This is the music you dread hearing at middle-class suburban wedding receptions.

The only thing compelling about his music is the desire to know where his mediocre lyrics are going. Although with the start of each track, as the first couple seconds of the beat play out, you feel it has potential. It doesn’t. I would genuinely kill myself to this music. The only thing holding me back is the fact I would die knowing that this was the last sound I would hear on earth. By far the most miserable genre bending, new wave infused, spoken word, would-be pop album I have heard in some time. Lacking originality, and making me nauseous, I found it terribly difficult to let the album play in its entirety. Home Boy Robbie is the unclaimed and unwanted love child of a once drugged out, now sober Sgt. Pepper and John Denver on a bad evening. It’s a constant, never ending, shitty 80s new wave ballad, laid out over 13 tracks.

“Blasphemy” is by far the most hysterical song on this album. With the most absurd lyrics and music, I then came to the realization there is nothing worth listening to on this album. Although “Bodies” is a borderline mainstream favorite, it still is not amazing, groundbreaking or for that matter… good. It’s decent. The remixes are way better. Not because I am a club kid that craves for bumpin beats and disco lights; simply because the remixes actually add life to his dull music.

On the flipside, Robbie attempted (I would imagine) to combine the best aspects of genres, and infuse them into pop culture. With elements of spoken word, he can captivate a curious mind. Poetic lyrics, and mellow sound, prove to be a favorite of a more chill and mature audience. This album is not of this era. Struggling to hold onto the fundamentals of mainstream pop music at its finest, I would best describe it as a post New Wave and pre New Age album for an audience that likes them some Smooth Jazz, Spoken Word, and very light music.

With lyrics like “Was it a blast for you, blasphemy” I can’t help but wonder why you are still making music and who let you lay these tracks down during your apparent far to early mid-life crisis. I’m just being real with you Robbie. Just sayin’.



I busted a nut on almost every track on this album. And we definitely like Rhianna angry.

Her sound is dark as expected but not irritating or whiny which I was afraid of after her violent run in with former fiancé Chris brown. I actually was not looking forward to the release of this album so soon after her incident. I would have imagined it would have been a lack luster vocally appeasing mainstream rubbish. That sold due to propaganda, not for her sound.

I had to bite my tongue (no pun intended) after I sampled her music and loved her sound.

She is honest above all in this album, and as much as I hate the fuckin word fierce I can’t really find another word to describe it. She is bad bitch, and she wants you to know that.

Her intro “Mad House” sets the tone to the entire album, it’s dark and heavy. It’s a hard deep transition from her last album. “Rock Star” kept the hood kids on lock as “Russian Rullet” got her message across the radio waves.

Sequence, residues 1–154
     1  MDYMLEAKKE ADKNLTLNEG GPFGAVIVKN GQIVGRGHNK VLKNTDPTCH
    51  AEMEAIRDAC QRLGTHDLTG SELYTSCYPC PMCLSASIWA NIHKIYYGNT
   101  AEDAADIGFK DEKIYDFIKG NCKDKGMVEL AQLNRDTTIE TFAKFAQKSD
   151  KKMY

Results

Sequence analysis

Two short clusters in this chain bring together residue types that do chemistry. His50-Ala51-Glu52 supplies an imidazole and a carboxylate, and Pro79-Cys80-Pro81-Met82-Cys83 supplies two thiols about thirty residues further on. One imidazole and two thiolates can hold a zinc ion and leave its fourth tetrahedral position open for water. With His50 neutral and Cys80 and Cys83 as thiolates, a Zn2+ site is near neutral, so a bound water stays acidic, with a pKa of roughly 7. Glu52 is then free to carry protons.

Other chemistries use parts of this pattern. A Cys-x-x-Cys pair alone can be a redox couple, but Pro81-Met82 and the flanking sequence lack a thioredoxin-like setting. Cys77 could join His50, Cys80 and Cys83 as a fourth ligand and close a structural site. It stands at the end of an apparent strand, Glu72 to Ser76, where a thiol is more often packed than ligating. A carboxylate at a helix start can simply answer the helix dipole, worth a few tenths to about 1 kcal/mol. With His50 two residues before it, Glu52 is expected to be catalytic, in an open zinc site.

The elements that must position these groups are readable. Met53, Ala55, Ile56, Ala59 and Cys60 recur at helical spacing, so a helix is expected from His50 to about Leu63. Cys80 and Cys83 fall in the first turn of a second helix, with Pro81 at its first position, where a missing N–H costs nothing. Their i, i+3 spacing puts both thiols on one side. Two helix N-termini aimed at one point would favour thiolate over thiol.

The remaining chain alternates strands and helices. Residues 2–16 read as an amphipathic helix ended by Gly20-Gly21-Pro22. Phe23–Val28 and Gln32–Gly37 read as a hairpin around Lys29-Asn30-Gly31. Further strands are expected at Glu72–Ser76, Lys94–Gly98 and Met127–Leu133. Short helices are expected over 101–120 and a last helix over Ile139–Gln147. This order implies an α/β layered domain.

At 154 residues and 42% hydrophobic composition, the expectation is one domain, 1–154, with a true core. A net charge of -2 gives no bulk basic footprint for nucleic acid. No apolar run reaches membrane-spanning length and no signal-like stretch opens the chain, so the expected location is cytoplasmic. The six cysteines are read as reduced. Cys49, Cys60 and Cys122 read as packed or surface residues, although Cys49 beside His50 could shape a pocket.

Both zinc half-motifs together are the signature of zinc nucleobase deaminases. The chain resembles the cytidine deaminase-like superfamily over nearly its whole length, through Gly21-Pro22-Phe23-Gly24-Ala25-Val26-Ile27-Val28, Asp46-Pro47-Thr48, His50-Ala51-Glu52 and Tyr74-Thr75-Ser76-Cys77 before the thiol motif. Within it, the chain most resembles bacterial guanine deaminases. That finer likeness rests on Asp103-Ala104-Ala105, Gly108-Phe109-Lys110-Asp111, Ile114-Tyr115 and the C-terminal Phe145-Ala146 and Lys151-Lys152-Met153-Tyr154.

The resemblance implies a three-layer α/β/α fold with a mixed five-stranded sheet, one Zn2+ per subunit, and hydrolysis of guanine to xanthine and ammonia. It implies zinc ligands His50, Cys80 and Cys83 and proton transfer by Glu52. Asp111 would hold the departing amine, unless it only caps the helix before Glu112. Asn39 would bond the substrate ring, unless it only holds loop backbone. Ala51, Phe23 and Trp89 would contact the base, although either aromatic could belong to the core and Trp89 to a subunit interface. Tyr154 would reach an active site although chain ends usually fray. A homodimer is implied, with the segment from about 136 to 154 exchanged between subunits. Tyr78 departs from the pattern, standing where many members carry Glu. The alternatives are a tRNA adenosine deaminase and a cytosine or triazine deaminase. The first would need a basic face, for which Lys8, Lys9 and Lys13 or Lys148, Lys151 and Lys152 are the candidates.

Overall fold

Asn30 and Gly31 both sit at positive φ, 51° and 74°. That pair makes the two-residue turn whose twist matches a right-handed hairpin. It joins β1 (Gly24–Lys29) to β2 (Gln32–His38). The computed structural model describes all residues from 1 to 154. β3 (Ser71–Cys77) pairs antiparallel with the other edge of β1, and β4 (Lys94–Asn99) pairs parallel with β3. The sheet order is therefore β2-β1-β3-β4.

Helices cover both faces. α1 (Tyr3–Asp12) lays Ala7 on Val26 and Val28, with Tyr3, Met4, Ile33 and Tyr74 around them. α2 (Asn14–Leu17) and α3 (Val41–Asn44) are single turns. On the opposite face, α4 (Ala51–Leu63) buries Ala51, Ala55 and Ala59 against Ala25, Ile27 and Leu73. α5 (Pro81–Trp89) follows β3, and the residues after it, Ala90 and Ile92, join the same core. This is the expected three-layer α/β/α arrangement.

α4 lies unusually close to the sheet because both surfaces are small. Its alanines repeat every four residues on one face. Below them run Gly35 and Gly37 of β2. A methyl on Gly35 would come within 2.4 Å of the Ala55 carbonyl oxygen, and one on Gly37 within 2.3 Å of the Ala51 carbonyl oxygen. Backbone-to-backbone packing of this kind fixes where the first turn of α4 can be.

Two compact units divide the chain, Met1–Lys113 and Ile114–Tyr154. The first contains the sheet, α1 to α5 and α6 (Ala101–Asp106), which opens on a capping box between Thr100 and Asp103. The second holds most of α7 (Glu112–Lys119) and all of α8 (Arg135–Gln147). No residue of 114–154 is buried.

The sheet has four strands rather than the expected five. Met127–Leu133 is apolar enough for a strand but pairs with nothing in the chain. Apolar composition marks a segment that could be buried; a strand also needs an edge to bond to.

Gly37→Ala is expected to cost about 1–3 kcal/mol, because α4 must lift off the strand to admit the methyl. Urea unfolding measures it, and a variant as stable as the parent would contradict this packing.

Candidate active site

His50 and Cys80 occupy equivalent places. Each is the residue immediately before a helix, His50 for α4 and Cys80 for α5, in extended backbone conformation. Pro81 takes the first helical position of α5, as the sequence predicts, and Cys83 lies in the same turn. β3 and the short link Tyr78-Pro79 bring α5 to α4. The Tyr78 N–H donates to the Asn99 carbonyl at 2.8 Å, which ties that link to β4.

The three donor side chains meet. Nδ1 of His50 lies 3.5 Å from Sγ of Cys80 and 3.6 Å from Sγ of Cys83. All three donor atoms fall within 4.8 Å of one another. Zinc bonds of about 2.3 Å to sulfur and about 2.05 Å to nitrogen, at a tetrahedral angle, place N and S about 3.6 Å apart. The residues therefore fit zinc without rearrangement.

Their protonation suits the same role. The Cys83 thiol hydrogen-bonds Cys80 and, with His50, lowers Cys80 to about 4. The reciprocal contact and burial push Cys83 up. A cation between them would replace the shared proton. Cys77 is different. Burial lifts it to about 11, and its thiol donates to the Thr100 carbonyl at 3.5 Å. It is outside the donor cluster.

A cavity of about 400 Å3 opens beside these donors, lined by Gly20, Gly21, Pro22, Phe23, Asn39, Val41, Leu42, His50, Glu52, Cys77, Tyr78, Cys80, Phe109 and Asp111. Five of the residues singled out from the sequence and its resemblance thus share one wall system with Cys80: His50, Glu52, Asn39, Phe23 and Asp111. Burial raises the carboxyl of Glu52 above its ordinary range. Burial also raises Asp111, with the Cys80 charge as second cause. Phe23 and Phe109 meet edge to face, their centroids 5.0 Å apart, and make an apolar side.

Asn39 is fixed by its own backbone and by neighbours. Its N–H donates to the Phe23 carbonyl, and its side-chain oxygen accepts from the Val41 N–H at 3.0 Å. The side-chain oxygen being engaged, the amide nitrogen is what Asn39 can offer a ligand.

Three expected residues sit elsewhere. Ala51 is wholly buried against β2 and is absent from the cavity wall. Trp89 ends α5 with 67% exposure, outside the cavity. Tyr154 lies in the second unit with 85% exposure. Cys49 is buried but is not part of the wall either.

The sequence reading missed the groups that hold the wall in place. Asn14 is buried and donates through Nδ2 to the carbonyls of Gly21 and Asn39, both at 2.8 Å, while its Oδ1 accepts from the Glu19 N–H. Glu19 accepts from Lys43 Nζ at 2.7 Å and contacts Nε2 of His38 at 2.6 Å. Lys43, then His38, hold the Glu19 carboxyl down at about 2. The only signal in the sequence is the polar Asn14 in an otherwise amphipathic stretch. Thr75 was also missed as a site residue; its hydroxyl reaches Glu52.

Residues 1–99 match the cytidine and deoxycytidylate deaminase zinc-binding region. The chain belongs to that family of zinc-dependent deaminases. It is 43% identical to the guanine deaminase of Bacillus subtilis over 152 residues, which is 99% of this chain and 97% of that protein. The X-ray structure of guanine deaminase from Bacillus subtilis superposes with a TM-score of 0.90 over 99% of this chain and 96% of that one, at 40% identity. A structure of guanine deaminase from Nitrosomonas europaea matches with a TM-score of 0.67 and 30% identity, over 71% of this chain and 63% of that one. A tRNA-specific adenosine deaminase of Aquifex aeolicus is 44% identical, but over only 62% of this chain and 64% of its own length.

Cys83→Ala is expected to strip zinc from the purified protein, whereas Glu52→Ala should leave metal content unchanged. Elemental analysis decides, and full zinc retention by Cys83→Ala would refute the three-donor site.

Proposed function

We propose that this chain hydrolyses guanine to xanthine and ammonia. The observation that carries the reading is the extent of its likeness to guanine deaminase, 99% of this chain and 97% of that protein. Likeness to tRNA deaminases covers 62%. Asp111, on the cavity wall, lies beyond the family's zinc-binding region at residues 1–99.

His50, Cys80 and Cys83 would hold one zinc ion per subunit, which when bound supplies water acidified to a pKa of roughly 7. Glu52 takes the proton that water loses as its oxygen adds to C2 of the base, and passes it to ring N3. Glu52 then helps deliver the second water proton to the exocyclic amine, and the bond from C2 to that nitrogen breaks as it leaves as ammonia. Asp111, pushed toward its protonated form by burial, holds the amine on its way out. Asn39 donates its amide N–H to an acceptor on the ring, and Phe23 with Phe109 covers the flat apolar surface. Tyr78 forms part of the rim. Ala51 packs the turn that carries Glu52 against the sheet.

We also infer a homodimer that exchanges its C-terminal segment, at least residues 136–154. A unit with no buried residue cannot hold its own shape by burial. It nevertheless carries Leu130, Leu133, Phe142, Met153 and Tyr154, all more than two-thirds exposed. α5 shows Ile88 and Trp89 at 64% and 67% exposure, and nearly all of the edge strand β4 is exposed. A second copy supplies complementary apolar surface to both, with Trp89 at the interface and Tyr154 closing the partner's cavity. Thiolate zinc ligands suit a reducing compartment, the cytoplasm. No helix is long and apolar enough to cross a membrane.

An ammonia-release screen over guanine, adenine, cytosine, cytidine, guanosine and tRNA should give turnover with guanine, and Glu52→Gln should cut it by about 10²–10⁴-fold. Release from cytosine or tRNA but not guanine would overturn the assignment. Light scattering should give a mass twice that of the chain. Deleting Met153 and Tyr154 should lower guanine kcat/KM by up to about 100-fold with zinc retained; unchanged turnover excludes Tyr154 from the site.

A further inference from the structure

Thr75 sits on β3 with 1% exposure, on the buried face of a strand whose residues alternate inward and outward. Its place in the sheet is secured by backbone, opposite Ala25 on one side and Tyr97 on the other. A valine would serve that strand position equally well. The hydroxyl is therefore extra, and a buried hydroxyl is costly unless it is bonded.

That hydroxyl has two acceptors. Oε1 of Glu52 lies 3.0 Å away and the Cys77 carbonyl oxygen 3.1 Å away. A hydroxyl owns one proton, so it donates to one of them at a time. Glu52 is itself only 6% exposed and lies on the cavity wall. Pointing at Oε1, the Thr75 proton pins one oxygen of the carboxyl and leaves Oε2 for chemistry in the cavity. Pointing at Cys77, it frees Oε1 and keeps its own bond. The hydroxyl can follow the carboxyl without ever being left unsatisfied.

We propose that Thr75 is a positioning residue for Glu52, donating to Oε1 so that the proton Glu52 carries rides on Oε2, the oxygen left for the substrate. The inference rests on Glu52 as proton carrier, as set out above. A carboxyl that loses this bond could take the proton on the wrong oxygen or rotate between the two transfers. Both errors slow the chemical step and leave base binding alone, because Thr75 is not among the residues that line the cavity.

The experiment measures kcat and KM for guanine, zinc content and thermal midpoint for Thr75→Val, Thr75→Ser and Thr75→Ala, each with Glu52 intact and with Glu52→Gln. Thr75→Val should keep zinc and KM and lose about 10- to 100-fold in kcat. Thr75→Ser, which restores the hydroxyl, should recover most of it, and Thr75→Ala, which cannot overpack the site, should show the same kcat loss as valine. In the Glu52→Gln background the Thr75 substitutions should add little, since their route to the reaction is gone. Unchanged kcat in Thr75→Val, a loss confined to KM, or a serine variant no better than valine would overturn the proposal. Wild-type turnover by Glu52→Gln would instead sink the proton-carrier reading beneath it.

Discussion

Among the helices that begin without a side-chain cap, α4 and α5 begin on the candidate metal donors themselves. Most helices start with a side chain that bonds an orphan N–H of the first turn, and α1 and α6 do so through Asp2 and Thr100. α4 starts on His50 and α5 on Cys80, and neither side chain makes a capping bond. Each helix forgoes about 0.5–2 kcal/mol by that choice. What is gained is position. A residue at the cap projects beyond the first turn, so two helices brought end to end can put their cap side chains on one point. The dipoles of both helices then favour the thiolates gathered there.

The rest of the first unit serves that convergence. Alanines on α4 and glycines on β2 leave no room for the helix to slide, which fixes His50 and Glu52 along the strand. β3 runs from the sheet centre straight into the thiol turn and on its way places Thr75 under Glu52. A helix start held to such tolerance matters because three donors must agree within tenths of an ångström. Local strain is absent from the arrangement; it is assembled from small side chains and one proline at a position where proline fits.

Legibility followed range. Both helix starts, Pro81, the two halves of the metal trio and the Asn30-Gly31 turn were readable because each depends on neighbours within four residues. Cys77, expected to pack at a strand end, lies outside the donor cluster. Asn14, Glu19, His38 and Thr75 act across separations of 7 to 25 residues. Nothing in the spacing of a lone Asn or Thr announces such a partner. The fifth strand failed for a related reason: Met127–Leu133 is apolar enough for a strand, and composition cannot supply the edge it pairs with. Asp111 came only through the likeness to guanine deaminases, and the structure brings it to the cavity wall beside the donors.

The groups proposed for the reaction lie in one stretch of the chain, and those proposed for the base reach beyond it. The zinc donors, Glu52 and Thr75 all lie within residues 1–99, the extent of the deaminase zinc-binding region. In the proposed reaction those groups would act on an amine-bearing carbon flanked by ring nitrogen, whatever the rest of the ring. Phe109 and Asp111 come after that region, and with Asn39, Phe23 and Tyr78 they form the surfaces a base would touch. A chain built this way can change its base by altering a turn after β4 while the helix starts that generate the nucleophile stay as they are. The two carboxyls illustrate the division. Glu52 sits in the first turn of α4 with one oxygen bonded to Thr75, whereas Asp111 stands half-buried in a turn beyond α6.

“G4L” is the shit! Chick gets hardcore. I am all about this crazy sick hip-hop influenced sound, gangster lyrics and heavy beat.

On the flipside, that hardcore sound was a little intense and what some have called “too urban” for her mainstream pop audiences. Elements of the street, alongside a very urban sound set the mood for the album. It’s not a sound many will be attracted to. The attitude we all knew she had underneath her pop ballads and mainstream smash hits dominates her sound, which can be a transition uncomfortable for her die hard pop fans, and perhaps too intense for mainstream listeners.

Honestly, and to my surprise, I was very into this album. I can say I did not appreciate every song on this album, some of them you kind of laugh and say out loud to yourself, “Don’t push it.” However I can say the songs I let play, are the ones you know I got buck too. Check her sound, you may just find yourself liking it.

“I lick the gun when I’m done, cuz’ you know that revenge is sweet.”



With rumors of being one of her last albums, however unfortunate, it would make an amazing farewell.  It’s a Latin infused fresh new sound with electric beats, and an urban undertone.

Edgy and soulful Shakira invents a new exciting allure to her sound. With commercial success as great as in the underground, she dominated the dance floor with her release of “She Wolf”.  You get lost in her music, and bounce to her sound. Her voice is flawless and sexy, every track has its own feel, a different message and a hot beat.

“Men in This Town” is my favorite track on this album; it’s dark and sexy, with a hot urban electronic club feel.

Overall, the album was phenomenal. It’s truly an album that even someone who was never a fan of Shakira can get into. It’s the kind of album your boyfriend likes when you put on, but won’t ever tell you.